In addition to earning extra money if certain cards are or are not in play, helping to build, and killing other player’s cards, these profession cards can also contribute or take income from your left-hand opponent. Suddenly the auction becomes more interesting. Each card notes whether it is won in an open auction or a closed auction. Open auctions are pretty standard around and around until all pass. Closed auctions are more brutal. Everyone loses what they bid. Furthermore, ties are determined by an open auction on top of the closed auction. Ouch! You can only have two professions (other than your character card) in play at one time, but there is lots of death, so people who do well seem to have more than two professions in rotation.
Bidding for profession cards is just a prelude to the main event, building buildings. There are three buildings face up at the start of each round. Almost all players will have at least one of these buildings on their initial card of the six buildings they want built to win. Players don’t bid on buildings. Instead, starting with the start player, they put money on one of the buildings, usually, the one they want built. Then the next player clockwise goes. It keeps going round and round until all but one person has passed. That person may not put more money down on a building. The building with the most money on it is built and the other two are discarded. Want to guess the brutal part? If there is a tie, no buildings get built.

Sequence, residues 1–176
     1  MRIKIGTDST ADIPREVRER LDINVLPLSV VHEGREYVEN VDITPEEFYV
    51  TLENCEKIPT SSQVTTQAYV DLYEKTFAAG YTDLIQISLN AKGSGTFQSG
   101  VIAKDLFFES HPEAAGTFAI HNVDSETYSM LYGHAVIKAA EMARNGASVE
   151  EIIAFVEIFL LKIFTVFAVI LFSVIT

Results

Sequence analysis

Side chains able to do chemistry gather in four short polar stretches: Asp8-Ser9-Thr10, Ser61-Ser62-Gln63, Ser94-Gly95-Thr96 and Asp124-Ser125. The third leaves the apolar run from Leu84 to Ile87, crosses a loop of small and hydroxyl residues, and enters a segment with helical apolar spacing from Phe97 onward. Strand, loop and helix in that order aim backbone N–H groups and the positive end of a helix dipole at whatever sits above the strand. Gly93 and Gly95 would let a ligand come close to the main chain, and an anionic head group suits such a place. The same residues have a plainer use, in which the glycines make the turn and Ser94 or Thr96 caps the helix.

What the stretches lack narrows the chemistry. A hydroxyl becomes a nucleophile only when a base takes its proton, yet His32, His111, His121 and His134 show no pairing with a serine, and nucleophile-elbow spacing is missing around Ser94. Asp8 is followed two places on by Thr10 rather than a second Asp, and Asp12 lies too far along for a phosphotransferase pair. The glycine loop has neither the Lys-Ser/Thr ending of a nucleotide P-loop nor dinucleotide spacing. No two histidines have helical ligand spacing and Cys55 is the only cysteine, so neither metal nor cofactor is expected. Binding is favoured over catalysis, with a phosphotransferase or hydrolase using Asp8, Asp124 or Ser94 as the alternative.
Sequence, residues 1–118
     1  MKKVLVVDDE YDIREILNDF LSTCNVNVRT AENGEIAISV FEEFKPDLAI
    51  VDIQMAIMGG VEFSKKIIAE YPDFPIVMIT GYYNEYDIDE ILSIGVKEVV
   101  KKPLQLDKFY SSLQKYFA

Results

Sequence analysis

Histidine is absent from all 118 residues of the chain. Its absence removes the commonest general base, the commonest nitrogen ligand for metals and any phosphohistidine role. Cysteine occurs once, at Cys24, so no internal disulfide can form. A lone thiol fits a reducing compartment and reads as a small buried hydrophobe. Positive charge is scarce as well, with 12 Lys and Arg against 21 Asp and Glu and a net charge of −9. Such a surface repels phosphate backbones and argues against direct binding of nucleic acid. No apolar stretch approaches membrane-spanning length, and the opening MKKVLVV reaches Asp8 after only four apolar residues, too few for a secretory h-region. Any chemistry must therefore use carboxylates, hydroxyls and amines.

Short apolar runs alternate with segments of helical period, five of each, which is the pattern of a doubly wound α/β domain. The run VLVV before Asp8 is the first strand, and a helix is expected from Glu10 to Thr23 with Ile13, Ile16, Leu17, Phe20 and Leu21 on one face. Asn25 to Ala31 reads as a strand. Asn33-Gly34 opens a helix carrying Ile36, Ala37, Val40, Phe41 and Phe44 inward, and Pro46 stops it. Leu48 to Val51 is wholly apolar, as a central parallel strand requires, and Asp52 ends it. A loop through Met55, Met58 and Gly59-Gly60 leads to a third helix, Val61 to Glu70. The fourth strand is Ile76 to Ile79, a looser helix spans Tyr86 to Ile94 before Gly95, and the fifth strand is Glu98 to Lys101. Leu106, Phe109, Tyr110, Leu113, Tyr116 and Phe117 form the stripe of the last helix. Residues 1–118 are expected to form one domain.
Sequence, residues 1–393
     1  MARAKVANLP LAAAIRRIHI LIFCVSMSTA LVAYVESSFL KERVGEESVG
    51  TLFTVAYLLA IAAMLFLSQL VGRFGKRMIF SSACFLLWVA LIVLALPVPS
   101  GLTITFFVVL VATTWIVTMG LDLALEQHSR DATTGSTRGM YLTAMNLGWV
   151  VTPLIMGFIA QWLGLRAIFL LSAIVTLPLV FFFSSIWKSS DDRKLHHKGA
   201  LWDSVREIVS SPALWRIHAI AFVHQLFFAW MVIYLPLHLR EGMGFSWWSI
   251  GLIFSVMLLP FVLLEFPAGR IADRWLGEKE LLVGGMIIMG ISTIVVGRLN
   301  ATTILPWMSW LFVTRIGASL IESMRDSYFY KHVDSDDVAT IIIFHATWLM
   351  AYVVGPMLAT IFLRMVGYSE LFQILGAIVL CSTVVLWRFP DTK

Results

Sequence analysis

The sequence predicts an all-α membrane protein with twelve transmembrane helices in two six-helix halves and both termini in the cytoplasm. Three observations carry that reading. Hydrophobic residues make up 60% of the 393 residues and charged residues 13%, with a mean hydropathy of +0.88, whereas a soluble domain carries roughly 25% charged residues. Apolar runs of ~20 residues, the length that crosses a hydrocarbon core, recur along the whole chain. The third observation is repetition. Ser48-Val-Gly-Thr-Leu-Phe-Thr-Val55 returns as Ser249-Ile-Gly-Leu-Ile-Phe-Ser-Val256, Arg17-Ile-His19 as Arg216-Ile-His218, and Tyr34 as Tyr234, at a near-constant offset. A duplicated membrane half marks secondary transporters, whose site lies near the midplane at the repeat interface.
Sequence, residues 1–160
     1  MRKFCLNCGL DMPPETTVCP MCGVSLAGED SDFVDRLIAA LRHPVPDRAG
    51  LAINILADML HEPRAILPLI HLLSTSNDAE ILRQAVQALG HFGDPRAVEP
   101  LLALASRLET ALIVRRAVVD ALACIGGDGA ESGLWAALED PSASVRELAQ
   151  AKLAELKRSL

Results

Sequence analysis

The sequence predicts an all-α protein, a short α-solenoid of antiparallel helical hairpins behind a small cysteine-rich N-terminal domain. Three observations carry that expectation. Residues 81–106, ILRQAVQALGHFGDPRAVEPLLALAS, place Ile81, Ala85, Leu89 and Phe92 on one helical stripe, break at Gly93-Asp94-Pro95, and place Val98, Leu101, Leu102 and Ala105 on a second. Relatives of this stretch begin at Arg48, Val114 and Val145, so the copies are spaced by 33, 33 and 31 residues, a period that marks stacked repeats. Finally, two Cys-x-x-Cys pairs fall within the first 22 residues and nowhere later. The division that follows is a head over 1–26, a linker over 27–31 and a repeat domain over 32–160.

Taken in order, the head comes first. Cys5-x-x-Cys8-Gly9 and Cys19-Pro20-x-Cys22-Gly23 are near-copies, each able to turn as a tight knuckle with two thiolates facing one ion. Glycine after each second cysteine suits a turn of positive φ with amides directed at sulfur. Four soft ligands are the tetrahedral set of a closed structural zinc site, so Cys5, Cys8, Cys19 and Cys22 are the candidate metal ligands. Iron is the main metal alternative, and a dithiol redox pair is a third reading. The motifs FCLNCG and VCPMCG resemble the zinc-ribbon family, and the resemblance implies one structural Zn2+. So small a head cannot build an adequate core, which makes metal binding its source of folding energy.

Photo by Andrei Novac
After the building is built, anyone who has four built buildings on their objective card claims the victory. This is a nasty game. People will get hurt by having their income generating profession card killed off. They will spend a ton to get a building built and have several others gang up against them to support the building of a different building. Just remember – even if your income is below $3, you still get $3 during the income phase which follows the building phase and precedes the next profession auctions.
I enjoyed Wild Fun West when I did not take it seriously and just rolled my eyes when my profession was killed or the building I wanted built did not get built. If you take it seriously, you are in for a world of hurt, as some chains of events lead to unpredictable results.